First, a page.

There are no new recommendations on the use of drugs for acute rate and rhythm control, but it is outlined that, after an adequate thrombo-embolic risk management, the first step consists of good rate control and acute cardioversion (pharmacological or with DCC shock) is only proposed in particular situations. For direct current cardioversion it is recommended to use biphasic external defibrillators with an antero-posterior electrode placement and with pre-treatment by antiarrhythmic drugs such as amiodarone, ibutilide, sotalol, flecainide, and propafenone.
The objectives of long-term management are: prevention of thrombo-embolism, symptoms relief, optimal management of concomitant cardiovascular disease, rate control, and correction of rhythm disturbance. An important statement of the guidelines is the concept that the strategy of the treatment may vary during time if the results of the therapy are not satisfying. Guidelines compare rate control with rhythm control and no differences in the clinical outcome, symptoms, occurrence of heart failure and quality of life of patients with AF assigned to rhythm vs. rate control strategies can be found in the literature. Only the ATHENA trial with dronedarone demonstrated a significant effect of the therapy on mortality and hospitalization.
Adequate long-term rate control improve symptoms and haemodynamics, but while previous guidelines recommended strict rate control (resting heart rate between 60–80 bpm and 90–115 bpm during moderate exercise), new guidelines state that in patients without severe symptoms due to a high ventricular rate, a lenient rate (resting heart rate <110 bpm) control therapy approach is reasonable. The drugs to achieve rate control are the same as in previous guidelines, but also the new antiarrhythmic drug Dronedarone may reduce heart rate and may be useful in particular situations.
Ablation of the atrioventricular node may be acceptable when pharmacological rate control is impossible or rhythm control has failed in highly symptomatic patients.
The statement of the new guidelines that asymptomatic patients have not to take antiarrhythmic drugs and that rhythm control therapy is limited to the relief of AF-related symptoms is strong and very important.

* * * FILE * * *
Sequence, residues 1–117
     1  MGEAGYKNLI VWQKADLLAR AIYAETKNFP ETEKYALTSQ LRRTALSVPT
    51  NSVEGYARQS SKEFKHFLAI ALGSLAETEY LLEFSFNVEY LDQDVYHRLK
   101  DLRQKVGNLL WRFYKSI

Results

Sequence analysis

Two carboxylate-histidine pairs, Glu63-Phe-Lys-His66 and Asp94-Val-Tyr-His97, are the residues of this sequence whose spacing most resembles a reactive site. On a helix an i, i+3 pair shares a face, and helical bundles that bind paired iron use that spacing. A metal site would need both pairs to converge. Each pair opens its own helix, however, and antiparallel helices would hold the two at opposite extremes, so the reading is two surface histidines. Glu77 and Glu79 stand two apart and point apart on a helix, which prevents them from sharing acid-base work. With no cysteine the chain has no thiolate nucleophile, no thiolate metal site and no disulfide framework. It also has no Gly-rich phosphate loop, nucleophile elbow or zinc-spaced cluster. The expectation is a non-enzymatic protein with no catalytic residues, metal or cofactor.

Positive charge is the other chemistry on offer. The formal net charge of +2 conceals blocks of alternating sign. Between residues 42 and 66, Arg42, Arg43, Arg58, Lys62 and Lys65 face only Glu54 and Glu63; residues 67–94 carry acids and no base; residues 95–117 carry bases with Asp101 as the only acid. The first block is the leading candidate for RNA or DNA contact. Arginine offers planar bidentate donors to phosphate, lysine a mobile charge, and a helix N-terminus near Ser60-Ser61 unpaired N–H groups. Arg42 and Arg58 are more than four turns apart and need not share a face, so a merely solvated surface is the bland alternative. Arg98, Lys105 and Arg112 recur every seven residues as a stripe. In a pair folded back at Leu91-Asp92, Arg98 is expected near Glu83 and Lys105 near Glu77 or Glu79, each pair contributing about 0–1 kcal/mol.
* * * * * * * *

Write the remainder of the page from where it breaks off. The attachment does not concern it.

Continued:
The guidelines outline the concept of choosing an antiarrhythmic drug that is safer, although possibly less efficacious, before a more effective one but less safe. It is the first time that dronedarone is considered in guidelines for AF treatment: Dronedarone shows an efficacy to maintain sinus rhythm lower than that of amiodarone, but has also less toxic effects and in the ATHENA study there was a not significant reduction in deaths in the dronedarone group and a significant reduction of cardiovascular mortality, due to a reduction in stroke risk independent of antithrombotic therapy.
Between amiodarone and dronedarone, dronedarone may be the first option, at least in symptomatic AF and underlying cardiovascular disease and, if it fails to control symptoms, amiodarone could be necessary, although its general toxicity is considerable mainly when used at higher doses. Only subjects with NYHA class III or IV, or recently unstable heart failure, should not receive dronedarone. Guidelines outline a new therapeutic paradigm in patients with AF: the prevention of repeated hospitalizations that can be more important to patient and physician compared with sinus rhythm maintenance per se.
The new guidelines consider indicated left atrial catheter ablation in a paroxysmal AF patient very symptomatic despite optimal medical therapy. Some points to take into account are: the stage of atrial disease, the underlying cardiovascular disease, potential alternatives (antiarrhythmic drugs, rate control), patient preference, operator-dependence of the ablation procedures.